In her early twenties, Aaliya’s deadpan face and dark-circled eyes defy her age. The youngest member of the family slowly opens up about her struggle.

Her home was massively damaged in a military op that took place on May 25, 2020, and her family of 10 members had nowhere to go.

Before the doom and destruction, her farmer father, Abdul Rasheed, was working hard to give a stable roof to his family, including his wife, two daughters and six sons.

“We were so happy when we entered our new house,” Aaliya says in a low tone. “I decorated it with love. I was so fond of my room and all little details. Even today when only four walls are standing I still come here during the day. It gives me peace.”

Sitting against the freshly repaired concrete wall of the home, Aaliya recalls the night when the military op began.

“Army led down the cordon in early morning. We were soon asked to leave the house. We were given no time to collect any important stuff. I literally begged the forces with folded hands not to burn our house,” she says adding that both militants and armed forces have guns. “We are caught between the two.”

Now living in a rented space, Aaliya narrates how the incident has shattered her mental peace.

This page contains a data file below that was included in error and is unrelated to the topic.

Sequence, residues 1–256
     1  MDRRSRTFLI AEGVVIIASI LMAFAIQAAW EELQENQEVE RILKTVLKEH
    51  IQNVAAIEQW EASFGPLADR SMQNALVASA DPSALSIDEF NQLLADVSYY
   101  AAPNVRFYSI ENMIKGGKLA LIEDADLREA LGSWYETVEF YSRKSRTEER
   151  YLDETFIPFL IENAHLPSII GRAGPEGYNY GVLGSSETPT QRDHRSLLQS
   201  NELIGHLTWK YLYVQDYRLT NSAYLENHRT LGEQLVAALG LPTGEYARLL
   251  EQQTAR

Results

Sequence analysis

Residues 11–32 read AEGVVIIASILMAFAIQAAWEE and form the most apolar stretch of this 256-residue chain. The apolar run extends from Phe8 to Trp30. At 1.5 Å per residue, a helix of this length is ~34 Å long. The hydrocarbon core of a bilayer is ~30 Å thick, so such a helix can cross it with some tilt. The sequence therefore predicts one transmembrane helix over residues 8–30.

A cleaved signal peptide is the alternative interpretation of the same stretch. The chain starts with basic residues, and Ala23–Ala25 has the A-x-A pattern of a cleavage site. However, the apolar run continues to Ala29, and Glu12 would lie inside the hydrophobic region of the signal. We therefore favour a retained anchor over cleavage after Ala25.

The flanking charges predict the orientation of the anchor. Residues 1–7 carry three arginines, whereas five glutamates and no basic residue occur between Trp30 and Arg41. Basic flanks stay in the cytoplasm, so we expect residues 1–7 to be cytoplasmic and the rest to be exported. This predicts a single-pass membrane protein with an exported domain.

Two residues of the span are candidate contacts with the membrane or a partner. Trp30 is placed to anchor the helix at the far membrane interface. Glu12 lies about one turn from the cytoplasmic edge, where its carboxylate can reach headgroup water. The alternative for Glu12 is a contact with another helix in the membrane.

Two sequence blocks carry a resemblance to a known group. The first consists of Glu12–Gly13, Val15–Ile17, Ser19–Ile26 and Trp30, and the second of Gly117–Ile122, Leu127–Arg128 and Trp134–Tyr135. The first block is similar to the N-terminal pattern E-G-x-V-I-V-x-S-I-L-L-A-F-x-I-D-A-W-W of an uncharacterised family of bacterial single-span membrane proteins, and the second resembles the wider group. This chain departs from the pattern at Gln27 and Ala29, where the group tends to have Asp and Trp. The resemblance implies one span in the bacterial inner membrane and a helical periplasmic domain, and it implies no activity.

“I put a strong face and tell my ailing mother that things will be alright soon,” she says. “I often get anxiety attacks now, but I try my best to conceal my collapsing mental health from my mother and my siblings.”

Road leading to Nagh Naad which is around 30 kms away from main town Kulgam. [FPK Photo/Ufaq Fatima.]

In Kulgam’s yet another placid place called Naag-Naad, Gousia’s family is living the same ordeal.

The family has been living in a government-provided house from last four years. But on July 17, 2020, militants took shelter in the house and the very next morning they were cordoned by the armed forces. The subsequent military op damaged her house and belongings.

Misery, however, did not stop there.

“After damaging our house, forces harassed my husband, Bilal Ahmad Lone,” she says.

On August 9, 2020, a month after the military op, Bilal, 40, was seen hanging from a tree in his own orchid.

“He would walk on support because of the brutal torture,” Gousia says. “Traumatized by the excesses, he took his life.”

Gousia’s kitchen in complete ruins. [FPK Photo/Ufaq Fatima.]

With sole breadwinner gone, Gousia now struggles every day to feed her three children and her elderly father-in-law.

“We’ve no source of income left now,” the homeless homemaker rebuilding her life from the rubble of her residence says.

“I work hard every day in fields to earn, so that I can feed my family. Life is tough, and not the same anymore. But then somebody has to hold fort for the family.”


The story is a part of an ongoing project.